| Behind the Headlines: Fossil
Should natural history relics go to highest bidder?
By Diane Ainsworth, Public Affairs
27 SEPTEMBER 00 | It cost Dick Spight, a retired Point Richmond businessman, $167,500 to buy back a shale slab with the imprint of what looked like a large dragonfly from Butterfields auction house in San Francisco August 27.
And that was a steal.
Its seller, Alfred Siefker, first offered the specimen to major museums for $3 million to $5 million. Spight reclaimed the relic at far less than the Butterfields auction guide asking price of $250,000 to $350,000.
The Late Triassic fossil is in reality the only known specimen of Icarosaurus siefkeri, a winged reptile that lived along the lakes of what is now northern New Jersey 200 million years ago. It is the latest fossil to go on the auction block, much to the dismay of paleontologists, who want to preserve that slice of prehistory for the public.
"People get dollar signs in their eyes when they find these rare specimens," said Mark Goodwin, principal museum scientist at Berkeley's Museum of Paleontology. "What they don't consider is all of the scientific information and value is in danger of being lost forever."
Goodwin is familiar with this kind of controversy. Four years ago he became involved in an FBI investigation to find a lower jaw of Tyrannosaurus rex stolen from the museum. The jawbone had changed hands several times and was sold by a commercial fossil dealer in Germany to a private citizen; it was eventually recovered and returned. The jawbone had originally been found on federal land in eastern Montana by a team of Berkeley paleontologists.
"Although fossil collecting and commercial sales are legal in many countries, the U.S. differs in that we do not have any laws to protect fossils found on private land from being sold commercially, improperly collected, or denied access for scientific research," Goodwin said.
"Fossils found on private land in the U.S. are currently considered part of the overlying soil and are the property of the land owner," said Goodwin. "There are no laws to protect all of the scientific information and knowledge that we could gain as we study the history of life on earth, which absolutely depends on access and protection of these fossils. I don't think our natural history heritage should be sold to the highest bidder."
Neither did Spight. So he sought the advice of paleontologist Kevin Padian, a professor and curator in Berkeley's Museum of Paleontology, on how to return the rare fossil to science. The two eventually decided to try to secure it for the American Museum of Natural History in New York, where it had originally resided in 1961. There it stayed until its finder demanded it back from the museum in 1989 so that he could sell it.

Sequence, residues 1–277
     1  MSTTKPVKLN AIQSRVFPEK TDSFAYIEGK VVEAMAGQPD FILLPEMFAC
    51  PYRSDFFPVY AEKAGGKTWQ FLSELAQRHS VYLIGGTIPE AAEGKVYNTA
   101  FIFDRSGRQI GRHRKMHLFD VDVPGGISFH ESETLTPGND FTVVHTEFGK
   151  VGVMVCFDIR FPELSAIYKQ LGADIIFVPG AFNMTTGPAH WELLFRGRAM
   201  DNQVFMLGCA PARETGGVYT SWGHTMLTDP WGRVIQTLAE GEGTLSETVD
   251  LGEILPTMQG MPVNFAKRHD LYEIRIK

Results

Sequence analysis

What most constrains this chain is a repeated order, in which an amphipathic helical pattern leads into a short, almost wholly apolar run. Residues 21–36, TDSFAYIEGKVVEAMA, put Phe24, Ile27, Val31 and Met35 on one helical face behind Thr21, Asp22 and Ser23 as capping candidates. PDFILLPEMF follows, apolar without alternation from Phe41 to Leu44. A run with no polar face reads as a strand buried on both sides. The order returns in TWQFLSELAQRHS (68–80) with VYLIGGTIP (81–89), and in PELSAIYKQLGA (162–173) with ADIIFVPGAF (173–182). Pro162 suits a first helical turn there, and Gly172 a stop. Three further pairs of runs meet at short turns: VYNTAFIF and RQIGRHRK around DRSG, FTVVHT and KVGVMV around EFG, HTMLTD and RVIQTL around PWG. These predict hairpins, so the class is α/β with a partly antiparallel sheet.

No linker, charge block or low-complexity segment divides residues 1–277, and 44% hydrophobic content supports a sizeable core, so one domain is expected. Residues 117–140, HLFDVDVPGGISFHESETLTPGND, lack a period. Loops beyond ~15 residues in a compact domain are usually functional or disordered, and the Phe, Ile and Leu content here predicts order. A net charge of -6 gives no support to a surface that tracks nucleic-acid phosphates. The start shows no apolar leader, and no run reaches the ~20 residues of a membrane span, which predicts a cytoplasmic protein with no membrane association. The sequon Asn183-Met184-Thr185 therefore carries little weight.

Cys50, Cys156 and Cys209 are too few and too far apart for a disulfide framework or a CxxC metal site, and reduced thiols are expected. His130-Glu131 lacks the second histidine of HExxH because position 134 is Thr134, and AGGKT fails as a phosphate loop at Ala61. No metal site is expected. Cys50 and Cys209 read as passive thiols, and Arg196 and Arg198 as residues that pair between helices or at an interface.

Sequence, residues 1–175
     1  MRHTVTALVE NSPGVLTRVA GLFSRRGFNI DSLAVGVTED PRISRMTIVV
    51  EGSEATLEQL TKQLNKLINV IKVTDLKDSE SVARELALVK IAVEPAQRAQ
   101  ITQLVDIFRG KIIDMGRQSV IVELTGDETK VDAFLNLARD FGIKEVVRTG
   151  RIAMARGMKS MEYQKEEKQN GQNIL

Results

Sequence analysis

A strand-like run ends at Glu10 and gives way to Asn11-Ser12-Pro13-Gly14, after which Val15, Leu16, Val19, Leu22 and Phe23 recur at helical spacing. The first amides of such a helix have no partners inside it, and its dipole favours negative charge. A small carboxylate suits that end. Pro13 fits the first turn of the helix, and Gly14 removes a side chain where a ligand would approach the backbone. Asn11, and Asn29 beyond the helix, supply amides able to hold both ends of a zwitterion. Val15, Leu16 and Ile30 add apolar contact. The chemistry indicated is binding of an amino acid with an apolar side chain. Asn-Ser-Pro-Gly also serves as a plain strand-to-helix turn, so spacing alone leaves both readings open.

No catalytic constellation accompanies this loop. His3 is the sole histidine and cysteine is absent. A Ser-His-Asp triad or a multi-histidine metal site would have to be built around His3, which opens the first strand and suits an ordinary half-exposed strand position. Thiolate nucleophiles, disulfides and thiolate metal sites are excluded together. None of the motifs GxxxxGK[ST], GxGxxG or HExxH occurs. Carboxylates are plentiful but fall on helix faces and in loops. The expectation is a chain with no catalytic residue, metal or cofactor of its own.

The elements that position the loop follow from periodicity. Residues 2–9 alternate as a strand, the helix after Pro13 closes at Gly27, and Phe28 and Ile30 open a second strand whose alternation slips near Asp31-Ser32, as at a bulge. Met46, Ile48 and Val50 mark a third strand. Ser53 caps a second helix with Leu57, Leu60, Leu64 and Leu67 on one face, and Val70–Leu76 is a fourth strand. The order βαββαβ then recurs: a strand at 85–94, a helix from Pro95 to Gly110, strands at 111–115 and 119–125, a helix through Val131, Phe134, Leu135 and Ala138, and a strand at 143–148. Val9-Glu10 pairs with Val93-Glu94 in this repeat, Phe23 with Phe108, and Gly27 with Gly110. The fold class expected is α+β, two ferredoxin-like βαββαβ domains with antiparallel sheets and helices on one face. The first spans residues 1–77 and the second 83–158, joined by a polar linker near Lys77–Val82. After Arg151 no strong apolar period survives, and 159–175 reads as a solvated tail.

"Dick did a wonderful thing by giving it back to the museum," said Padian. "He wanted guidance on what to do with the fossil and thought it was awful that it might be sold and wind up on someone's mantle. Much to his credit, he got me involved, and I went with him to Butterfields to talk to their representatives and lawyers about ownership and title of the fossil, and the logistics of returning it to the museum. "
At the auction, in late August, Padian and Spight watched as the bidding for Icarosaurus siefkeri began. The starting price was $80,000 and went up to $150,000 before Spight laid claim to it. The final price included a $17,500 buyer's premium. Its seller, Alfred Siefker, whose name the fossil bears, was shocked to hear that it sold for so little.
But Padian, who works with one of the largest collections of fossils of any university campus in the world, couldn't have cared less.
"These are things that can't be manufactured or made," he said. "They belong in museums. Our shame as a country is that we don't have laws like other countries do to restrict the sale and export of valuable specimens like this."
He and others would like to see laws passed that help to quell the fossil demand by making it illegal to export valuable vertebrate fossils from the United States, and that reinforce the sanctity of public lands against commercial fossil exploration.
"There's a reason why commercial fossil dealers in the United States and abroad come to the American West to collect," Goodwin concurred. "No protections exist for antiquities on private land, and the deterrents and criminal penalties for illegal collecting on public land are minimal.
"It's time to open up the public debate on legislation to safeguard artifacts, to introduce stiffer penalties for those who take them from public land and to make sure artifacts aren't pillaged on private land," Goodwin said. "Our country is the only one in the world without protections to conserve antiquities and fossils on private land for the public trust. We protect historical buildings. It's time we thought about protecting our natural history as well."
Behind the Headlines is an occasional Berkeleyan feature where campus experts examine issues in the news. To suggest a story idea, contact the editor at firstname.lastname@example.org or 643-8012.
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